Thank you all for making it all the way through this episode of The Breakdown!

If you haven’t already subscribed to our podcast, we’ll be right back here every single weekday, breaking down important news stories and issues, and we’d love for you to subscribe on your favorite podcast apps like Apple Podcasts or Spotify. Please share this podcast with your friends and family. Our next goal is to get to 100,000 subscribers, and we won’t get there without you!

Thank you so much to the nearly 30,000 founding members of The North Star whose generosity even makes this podcast possible. Love y’all and appreciate you so much.

If you love this podcast and want to support our work — or want to see the show notes and transcript for each episode — we’d love it if you considered becoming a founding member of our community at TheNorthStar.com. There we not only have our podcasts, but hundreds of original articles and stories and commentaries from some of the leading scholars and thinkers and journalists in the world.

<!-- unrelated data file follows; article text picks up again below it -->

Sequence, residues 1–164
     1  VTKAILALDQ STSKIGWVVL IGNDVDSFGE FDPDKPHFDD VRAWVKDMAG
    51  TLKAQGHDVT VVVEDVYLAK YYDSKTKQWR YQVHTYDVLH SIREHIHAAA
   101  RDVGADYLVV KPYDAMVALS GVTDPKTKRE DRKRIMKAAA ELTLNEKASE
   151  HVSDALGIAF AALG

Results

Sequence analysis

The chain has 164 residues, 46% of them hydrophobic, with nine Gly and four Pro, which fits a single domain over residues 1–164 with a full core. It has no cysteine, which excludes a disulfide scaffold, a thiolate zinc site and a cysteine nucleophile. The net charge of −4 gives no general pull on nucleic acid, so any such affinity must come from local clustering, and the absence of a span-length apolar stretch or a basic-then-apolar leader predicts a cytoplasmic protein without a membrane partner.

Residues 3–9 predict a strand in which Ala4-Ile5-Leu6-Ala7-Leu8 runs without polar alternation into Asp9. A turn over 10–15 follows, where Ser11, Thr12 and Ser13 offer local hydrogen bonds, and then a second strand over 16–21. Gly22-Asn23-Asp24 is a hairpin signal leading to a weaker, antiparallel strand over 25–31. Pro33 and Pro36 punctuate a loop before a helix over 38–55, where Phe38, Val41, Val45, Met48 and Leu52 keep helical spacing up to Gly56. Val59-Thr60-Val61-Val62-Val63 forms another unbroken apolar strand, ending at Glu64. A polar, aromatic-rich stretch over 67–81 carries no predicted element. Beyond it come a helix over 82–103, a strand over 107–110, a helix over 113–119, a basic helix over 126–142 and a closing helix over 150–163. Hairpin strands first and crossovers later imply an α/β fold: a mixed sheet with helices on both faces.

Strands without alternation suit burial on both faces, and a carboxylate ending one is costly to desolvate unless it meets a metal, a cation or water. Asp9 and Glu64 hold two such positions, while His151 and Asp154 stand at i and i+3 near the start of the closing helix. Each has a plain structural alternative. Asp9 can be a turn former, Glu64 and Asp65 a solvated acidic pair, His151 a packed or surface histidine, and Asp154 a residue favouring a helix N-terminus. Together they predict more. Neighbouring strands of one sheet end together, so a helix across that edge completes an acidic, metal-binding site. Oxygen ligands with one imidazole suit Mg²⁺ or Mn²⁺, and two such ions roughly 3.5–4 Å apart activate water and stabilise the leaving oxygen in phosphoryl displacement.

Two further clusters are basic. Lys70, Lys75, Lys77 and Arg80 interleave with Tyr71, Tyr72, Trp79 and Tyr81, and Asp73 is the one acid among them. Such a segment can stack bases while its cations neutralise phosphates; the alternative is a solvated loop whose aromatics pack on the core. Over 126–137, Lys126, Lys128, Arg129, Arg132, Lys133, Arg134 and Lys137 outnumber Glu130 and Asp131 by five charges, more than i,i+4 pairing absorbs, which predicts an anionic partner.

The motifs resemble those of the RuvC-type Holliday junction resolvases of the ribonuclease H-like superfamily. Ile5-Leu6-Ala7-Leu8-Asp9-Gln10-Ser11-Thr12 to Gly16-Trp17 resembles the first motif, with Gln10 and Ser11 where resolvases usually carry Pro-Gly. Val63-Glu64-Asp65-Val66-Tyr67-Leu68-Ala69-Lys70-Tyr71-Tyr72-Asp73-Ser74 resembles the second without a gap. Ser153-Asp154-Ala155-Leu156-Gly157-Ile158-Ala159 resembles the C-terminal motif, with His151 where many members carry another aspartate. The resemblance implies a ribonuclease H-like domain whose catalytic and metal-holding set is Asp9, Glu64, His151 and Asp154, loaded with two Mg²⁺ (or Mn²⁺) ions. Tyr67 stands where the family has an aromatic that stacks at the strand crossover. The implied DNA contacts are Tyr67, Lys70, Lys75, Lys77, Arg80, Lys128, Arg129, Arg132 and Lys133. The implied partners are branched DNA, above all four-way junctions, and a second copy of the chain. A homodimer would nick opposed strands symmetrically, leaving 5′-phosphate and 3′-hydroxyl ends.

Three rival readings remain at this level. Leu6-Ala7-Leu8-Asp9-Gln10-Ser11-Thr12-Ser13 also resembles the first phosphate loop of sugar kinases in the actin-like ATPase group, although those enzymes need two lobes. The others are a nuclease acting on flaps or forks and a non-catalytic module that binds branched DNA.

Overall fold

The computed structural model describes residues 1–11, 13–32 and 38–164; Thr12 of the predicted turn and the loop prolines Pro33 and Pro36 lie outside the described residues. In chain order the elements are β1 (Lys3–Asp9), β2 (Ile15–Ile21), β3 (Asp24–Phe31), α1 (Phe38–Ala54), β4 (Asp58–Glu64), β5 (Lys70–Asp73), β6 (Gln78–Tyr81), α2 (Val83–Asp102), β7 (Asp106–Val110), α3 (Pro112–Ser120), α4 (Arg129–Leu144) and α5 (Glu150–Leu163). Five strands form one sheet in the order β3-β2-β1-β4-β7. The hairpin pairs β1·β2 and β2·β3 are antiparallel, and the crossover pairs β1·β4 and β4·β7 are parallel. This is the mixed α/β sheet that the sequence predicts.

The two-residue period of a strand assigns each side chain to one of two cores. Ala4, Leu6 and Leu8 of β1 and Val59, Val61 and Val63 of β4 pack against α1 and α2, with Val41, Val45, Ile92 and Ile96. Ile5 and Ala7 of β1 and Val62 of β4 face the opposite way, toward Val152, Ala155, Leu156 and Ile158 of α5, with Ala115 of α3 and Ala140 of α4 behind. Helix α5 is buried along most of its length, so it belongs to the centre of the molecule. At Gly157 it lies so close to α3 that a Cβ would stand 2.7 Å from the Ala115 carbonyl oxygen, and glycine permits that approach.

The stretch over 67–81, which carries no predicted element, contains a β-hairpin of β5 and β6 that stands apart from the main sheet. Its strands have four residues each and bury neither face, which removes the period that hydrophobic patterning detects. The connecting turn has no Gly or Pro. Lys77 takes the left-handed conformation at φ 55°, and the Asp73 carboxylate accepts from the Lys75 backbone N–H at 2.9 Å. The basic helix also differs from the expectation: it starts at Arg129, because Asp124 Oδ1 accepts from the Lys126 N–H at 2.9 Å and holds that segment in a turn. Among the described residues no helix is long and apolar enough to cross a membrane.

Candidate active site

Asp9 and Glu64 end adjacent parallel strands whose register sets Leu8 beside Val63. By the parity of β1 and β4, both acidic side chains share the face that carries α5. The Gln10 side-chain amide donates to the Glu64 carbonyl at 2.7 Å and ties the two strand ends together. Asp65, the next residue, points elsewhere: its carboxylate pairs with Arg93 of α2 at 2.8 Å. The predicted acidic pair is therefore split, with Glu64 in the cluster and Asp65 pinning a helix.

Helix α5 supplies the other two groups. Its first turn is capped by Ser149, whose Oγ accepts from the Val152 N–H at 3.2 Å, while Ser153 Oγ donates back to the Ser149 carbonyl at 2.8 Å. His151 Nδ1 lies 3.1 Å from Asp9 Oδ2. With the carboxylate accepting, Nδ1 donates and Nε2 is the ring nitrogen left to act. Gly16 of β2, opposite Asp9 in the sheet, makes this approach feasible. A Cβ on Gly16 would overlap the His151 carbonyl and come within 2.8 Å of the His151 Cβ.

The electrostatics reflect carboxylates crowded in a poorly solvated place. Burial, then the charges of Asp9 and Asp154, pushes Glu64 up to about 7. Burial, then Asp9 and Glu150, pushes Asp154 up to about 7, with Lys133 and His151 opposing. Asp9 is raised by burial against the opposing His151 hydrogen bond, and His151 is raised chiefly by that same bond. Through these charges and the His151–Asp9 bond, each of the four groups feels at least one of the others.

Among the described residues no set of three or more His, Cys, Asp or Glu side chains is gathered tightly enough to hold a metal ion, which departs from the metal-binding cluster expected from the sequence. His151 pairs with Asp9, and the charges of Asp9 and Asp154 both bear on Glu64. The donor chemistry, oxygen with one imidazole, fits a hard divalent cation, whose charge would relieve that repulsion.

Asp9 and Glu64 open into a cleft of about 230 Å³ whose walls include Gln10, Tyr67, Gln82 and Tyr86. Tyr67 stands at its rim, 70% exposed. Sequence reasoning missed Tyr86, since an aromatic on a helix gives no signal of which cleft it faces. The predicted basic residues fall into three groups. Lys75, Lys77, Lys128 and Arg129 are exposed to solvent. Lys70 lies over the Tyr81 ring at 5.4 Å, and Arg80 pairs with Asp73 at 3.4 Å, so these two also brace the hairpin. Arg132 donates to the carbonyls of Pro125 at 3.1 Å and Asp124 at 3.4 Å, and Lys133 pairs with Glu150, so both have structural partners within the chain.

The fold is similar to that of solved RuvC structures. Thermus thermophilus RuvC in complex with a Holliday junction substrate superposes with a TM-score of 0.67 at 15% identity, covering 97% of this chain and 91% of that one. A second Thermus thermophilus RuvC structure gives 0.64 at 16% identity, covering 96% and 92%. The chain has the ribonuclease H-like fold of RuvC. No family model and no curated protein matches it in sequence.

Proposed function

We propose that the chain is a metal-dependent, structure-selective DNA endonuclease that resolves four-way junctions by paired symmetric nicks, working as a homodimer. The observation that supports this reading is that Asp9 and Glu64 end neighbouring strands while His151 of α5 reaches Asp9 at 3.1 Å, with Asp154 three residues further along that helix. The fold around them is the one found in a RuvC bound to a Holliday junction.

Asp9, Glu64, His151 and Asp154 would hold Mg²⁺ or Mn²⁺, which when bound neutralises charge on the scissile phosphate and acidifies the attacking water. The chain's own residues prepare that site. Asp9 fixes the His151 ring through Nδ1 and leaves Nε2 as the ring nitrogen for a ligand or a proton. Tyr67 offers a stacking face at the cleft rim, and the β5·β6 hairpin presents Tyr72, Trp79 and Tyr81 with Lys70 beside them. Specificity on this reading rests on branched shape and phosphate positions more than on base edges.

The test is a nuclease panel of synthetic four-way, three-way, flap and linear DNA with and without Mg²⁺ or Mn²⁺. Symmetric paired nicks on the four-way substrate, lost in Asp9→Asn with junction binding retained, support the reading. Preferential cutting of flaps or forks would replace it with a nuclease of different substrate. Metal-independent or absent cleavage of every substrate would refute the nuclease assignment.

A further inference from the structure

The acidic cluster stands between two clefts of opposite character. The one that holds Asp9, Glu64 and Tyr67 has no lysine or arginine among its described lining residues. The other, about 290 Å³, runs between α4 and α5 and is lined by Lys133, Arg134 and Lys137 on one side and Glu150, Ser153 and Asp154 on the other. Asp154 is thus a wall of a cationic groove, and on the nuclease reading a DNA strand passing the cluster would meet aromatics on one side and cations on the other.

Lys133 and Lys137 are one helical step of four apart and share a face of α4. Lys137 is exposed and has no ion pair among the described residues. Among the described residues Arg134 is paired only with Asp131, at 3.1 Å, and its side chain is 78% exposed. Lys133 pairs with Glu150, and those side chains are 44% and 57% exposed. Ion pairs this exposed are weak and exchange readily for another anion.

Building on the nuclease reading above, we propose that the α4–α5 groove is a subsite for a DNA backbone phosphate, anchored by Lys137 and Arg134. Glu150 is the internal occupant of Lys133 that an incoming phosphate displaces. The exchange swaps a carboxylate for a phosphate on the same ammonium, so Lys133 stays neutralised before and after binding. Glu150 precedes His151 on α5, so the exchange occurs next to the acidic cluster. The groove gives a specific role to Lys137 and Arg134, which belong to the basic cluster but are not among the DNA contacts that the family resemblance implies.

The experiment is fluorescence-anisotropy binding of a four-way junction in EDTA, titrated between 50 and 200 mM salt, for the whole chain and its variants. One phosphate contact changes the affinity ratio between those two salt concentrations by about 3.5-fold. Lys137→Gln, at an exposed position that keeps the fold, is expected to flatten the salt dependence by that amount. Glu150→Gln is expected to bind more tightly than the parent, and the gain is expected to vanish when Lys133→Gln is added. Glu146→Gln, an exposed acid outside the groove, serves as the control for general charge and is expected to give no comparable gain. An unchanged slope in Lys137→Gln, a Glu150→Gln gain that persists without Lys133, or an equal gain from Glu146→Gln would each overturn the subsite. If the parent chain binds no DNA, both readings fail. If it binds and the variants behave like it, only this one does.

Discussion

Lastly, a shout out to our Associate Producer Lyssandra and Podcasting Director and Senior Producer Willis for their hard work on this and every episode.

Take care everybody.



Produced by Willis Polk II

Additional production by Christian “Idrys” Shannon

Additional Instrumentation by Christian “Idrys” Shannon, Lance "Lance Fury" Powlis & Markeith Black

Additional Engineering by Amond “AJ” Jackson for Salem Psalms Library

Additional Vocals by Garnett “Natti” Bush & Jason Coffey

Scratches by Kenny “DJ FlipFlop” Vanderberg

Contains elements from:

"The Prodigal" by Justme